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Analog Angle Article

Basic build-it project can stimulate, revive electronics interest

One of the impediments for aspiring engineers (students and others) is that so many of the projects they might want to build are “too much.” They require special, often hard-to-obtain components, they are physically difficult to build (too much complexity, plus those tiny components), they have critical layout and placement issues, troubleshooting requires relatively costly tools and test equipment, observations are nearly impossible. . . . I could go on, but you know the problems as well as I do. And when all is built and tested, it's not clear what the project does, there is no satisfying, tangible “clunk” or real-world application for many of them, other than drawing nice pictures on the PC screen, typically.

That's why I was pleased to see a great basic project in the August 2009 issue of QST , the primary publication of the Amateur Radio Relay League (ARRL). The article, “The Ignition Switch” solves a problem when using the car's 12-V system to power external electronics: the turn-on and turn-off transients of the supply rail can fry ordinary electronics (amateur radios, power converters, small TVs, and similar). The circuit provides a 10-second delay after the ignition is turned “on” which allows the supply rail to stabilize, and equally important, a 5-minute power-off delay after the ignition is turned off, so you can finish what you were doing and also avoid load-dump transients. [Note: the article is not available online except to subscribers, so you'll have to find a coworker who belongs to the ARRL, or go to the local public library; many of them subscribe to QST .]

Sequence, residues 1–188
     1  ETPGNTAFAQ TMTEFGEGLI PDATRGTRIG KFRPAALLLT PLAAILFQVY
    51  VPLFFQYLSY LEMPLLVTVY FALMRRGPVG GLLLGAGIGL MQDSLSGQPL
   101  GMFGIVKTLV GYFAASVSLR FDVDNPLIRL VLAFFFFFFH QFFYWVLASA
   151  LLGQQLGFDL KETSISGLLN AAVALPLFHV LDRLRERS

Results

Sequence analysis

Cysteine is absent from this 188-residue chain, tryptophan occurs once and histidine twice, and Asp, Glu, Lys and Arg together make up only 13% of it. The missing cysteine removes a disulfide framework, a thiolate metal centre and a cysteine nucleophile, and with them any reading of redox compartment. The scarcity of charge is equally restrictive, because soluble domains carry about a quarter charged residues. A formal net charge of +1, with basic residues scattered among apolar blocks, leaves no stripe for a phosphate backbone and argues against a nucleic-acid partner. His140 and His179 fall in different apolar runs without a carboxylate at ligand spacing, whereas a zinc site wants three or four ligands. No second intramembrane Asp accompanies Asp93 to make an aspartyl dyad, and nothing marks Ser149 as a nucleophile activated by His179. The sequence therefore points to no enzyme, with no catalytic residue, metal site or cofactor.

I liked everything about this project. The BOM is basic: it uses two CMOS 555 timers, two 2N3904 transistors, and a 12-V relay, plus some passive components, all easy to obtain. Layout is not critical. It implements an understandable and useful function. Perhaps best of all, you can observe what it does internally, and at its input and output, simply by using a voltmeter, since the timing is so broad–and you can hear the satisfying clunk of the relay pulling in or dropping out.

So, if you have a potential EE in your circle, or you want to re-discover the joy of a basic, tangible, satisfying project that requires no software, no development system, no fancy “tools”, and no extreme or frustrating contortions, check this one out. ♦

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